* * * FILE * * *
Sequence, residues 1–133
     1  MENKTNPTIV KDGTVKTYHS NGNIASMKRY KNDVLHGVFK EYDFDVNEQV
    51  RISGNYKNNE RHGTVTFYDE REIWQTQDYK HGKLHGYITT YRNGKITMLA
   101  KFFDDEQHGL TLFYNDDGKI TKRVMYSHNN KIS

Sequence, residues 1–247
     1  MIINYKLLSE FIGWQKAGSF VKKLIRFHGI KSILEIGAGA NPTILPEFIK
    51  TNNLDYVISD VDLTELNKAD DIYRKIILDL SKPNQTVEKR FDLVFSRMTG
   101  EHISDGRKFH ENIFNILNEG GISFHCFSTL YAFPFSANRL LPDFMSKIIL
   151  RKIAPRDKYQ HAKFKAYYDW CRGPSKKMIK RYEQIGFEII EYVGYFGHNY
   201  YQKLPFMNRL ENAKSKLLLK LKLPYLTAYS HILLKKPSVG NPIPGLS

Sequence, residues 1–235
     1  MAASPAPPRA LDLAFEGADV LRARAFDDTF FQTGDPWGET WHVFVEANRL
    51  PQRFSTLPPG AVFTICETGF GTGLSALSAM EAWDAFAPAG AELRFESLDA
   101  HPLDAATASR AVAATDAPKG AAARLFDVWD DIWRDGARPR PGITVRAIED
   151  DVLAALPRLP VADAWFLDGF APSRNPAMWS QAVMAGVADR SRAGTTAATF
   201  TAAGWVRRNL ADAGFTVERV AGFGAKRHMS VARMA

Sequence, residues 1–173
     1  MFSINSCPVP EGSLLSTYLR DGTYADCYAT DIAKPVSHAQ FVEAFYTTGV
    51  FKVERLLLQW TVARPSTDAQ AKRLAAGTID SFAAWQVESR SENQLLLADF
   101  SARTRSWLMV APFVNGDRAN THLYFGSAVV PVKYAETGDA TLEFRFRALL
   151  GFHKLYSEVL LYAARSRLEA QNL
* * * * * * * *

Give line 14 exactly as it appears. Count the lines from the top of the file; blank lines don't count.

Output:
   101  HPLDAATASR AVAATDAPKG AAARLFDVWD DIWRDGARPR PGITVRAIED